Urgent funding response needed to stop polio outbreak in Sudan, protect global investment
7 April 2005 - Days ahead of the launch of a massive polio campaign, the World Health Organization (WHO) today drew urgent attention to the need for additional funding to stop an ongoing polio outbreak in Sudan. The organization said US$6.3 million is needed by July, for immunization activities to protect Sudan's 6.2 million children under five from the paralyzing disease.
Sudan had been polio-free since 2001, before the explosive outbreak that began last May, when a child was paralyzed by the disease in Darfur. The virus had been imported from northern Nigeria, and had entered Sudan via Chad. Since then, the virus has infected 18 of the country's 23 states, leaving 144 children paralyzed. As worryingly, since November, the outbreak has spread beyond Sudan's borders, re-infecting Ethiopia and Saudi Arabia. If the spread of virus is not urgently stopped before the start of the 'high transmission' season beginning in June, the risk of re-infecting further polio-free countries - including the Democratic Republic of the Congo - is magnified.
Since the initial re-infection of Sudan in May 2004, Sudanese authorities in the north and the south, supported by the World Health Organization, Rotary International and UNICEF, have mounted an intensive immunization response. This has succeeded in cornering the virus to the eastern and southern parts of the country, most notably Unity State.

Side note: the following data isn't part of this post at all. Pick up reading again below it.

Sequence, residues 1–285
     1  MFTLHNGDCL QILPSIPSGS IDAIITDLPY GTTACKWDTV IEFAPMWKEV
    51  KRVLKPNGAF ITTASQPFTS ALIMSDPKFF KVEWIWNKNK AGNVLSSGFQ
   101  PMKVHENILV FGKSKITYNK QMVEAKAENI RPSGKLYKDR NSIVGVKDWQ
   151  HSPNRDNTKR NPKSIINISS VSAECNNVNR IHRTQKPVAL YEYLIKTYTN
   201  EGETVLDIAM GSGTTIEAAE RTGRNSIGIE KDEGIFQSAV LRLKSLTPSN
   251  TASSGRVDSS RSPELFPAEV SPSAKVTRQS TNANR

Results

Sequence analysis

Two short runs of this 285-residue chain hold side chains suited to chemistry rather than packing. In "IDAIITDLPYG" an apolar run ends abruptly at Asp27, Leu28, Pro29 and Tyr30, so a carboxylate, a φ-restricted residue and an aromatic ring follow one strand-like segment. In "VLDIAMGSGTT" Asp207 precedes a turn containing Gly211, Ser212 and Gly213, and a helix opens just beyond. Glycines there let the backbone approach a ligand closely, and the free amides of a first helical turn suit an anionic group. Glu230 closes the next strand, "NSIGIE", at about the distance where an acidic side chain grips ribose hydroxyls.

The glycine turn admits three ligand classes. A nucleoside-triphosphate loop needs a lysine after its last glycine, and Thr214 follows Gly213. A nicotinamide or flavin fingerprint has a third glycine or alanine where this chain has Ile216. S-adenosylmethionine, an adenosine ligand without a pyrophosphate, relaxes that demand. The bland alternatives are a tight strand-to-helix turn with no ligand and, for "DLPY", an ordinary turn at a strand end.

With the quality of polio campaigns continuously improving (independent monitoring suggesting as many as 95% of the target population was reached during the latest activity in February), Sudan will participate in a 23-country, mass polio campaign 11-13 April, to reach more than 100 million children.
|Sudan: Planned Costs 2005
(6 National Immunization Days)
|Oral polio vaccine||6.31|
|Campaign operations costs||10.58|
|Surveillance & laboratory||1.38|
In Sudan, two additional nation-wide campaigns, planned for November and December, are currently unfunded. With the goal of global eradication by end-2005, the importance of implementing these intensified campaigns is more critical than ever.
More than the end of a disease is at stake. Polio eradication would validate a US$4 billion, 18-year global investment and demonstrate that the world can work together to reach a shared public health goal.